Michigan President Says No Football Until On-Campus Classes Restart

AP Photo/Tony Ding

University of Michigan President Mark Schlissel has nixed the return of football, unless on-campus classes have also restarted.

Some thought that the Wolverines could return whether the rest of the campus had reopened or not, but Schlissel shot that idea down, the Detroit News reported.

“If there is no on-campus instruction then there won’t be intercollegiate athletics, at least for Michigan,” Schlissel told the Wall Street Journal. He later added he has “some degree of doubt as to whether there will be college athletics (anywhere), at least in the fall.”

Schlissel also noted that however they decide to reopen the campus, that plan will stay intact for the rest of the school year.

The school’s announcement seemed to run contrary to plans floated by the NCAA Division I Council, which was working for an early college football return. The sport’s governing body voted to approve the re-opening of college football and women’s basketball beginning on June 1.

Some colleges, including Ohio State, have already told athletes that they can begin using training facilities in the first week of June.

Still, Schlissel says he imagines that on-campus classes might resume for the fall semester. “We’re hoping to have a fall semester,” he told the Detroit News. “What I am calling it is a public-health-informed fall semester.”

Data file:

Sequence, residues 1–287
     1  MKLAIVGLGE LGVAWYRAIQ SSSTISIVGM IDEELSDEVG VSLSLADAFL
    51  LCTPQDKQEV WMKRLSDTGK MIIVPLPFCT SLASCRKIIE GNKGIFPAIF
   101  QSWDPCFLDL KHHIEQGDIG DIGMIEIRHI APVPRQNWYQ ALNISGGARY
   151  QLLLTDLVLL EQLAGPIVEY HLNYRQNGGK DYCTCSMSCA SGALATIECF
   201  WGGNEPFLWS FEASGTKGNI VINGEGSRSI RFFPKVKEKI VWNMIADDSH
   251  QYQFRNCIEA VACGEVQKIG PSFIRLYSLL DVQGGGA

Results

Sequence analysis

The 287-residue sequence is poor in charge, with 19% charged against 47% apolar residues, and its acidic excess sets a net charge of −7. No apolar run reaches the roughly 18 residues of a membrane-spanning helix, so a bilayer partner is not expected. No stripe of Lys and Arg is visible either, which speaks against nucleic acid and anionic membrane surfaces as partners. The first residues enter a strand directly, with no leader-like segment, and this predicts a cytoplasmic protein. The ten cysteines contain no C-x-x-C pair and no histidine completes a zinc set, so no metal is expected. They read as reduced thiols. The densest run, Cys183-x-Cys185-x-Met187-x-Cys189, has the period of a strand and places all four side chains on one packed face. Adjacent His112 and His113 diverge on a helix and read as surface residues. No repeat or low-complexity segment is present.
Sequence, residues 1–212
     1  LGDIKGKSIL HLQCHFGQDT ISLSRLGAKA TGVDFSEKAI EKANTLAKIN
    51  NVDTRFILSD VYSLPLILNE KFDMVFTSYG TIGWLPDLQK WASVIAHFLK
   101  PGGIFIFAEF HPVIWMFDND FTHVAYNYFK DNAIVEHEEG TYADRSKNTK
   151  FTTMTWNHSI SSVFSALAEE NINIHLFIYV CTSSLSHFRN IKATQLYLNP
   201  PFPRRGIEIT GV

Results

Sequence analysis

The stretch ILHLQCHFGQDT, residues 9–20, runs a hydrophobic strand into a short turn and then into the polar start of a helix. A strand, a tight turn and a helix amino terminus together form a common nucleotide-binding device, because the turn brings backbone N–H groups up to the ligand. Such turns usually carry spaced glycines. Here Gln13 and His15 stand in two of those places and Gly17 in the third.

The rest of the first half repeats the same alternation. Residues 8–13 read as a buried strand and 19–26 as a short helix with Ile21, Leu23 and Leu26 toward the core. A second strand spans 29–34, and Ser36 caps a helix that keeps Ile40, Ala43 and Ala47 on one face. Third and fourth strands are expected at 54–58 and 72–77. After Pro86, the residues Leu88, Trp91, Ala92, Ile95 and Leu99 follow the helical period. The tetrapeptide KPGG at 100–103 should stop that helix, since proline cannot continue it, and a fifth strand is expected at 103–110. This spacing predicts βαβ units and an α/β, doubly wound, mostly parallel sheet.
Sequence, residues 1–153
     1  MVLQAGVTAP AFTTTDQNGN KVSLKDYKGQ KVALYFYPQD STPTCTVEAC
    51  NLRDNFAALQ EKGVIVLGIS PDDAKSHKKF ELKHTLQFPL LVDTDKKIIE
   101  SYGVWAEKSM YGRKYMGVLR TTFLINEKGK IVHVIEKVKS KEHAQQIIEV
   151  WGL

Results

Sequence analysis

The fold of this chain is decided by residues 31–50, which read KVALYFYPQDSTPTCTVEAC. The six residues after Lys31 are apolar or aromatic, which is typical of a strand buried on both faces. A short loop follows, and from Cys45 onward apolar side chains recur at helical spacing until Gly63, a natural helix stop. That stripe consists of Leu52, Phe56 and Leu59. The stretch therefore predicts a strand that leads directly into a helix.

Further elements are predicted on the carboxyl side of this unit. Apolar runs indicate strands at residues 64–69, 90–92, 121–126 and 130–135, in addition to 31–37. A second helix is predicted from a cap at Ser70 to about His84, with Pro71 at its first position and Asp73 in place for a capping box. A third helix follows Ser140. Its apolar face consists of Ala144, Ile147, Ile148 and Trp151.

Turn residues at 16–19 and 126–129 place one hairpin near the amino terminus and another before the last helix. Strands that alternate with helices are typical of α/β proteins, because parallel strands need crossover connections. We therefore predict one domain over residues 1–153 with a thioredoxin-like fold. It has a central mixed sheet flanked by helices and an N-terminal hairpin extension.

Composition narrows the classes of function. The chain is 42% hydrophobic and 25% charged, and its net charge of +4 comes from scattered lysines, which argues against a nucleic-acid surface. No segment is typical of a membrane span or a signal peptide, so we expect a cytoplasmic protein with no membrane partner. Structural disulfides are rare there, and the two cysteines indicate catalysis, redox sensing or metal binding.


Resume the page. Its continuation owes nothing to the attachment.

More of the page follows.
Michigan coach Jim Harbaugh recently said he would be okay with playing in an empty stadium.

“Heck yeah I’d be comfortable coaching a game without any fans,” Harbaugh said. “If the choice were, play in front of no fans or not play, then I would choose to play in front of no fans. And darn near every guy I’ve talked to on our team, that’s the way they feel about it.”

Harbaugh also noted that it is probably unrealistic to assume that a stadium full of fans could be tested and determined to be free of the coronavirus.

In another interview last week, Harbaugh said that the first move is to get the university’s gyms and training facilities reopened. Then they can think about games.

“Eventually, you look at playing games. Is that possible? That’s the No. 1 question that our players have, and we have,” he said. “But you can see the path that you could play with players being tested, coaches being tested. Referees, that if you test negative, you can participate in the game.”

“So, let the kids play. Hopefully, we’ll get some more good news as the summer progresses,” he concluded.

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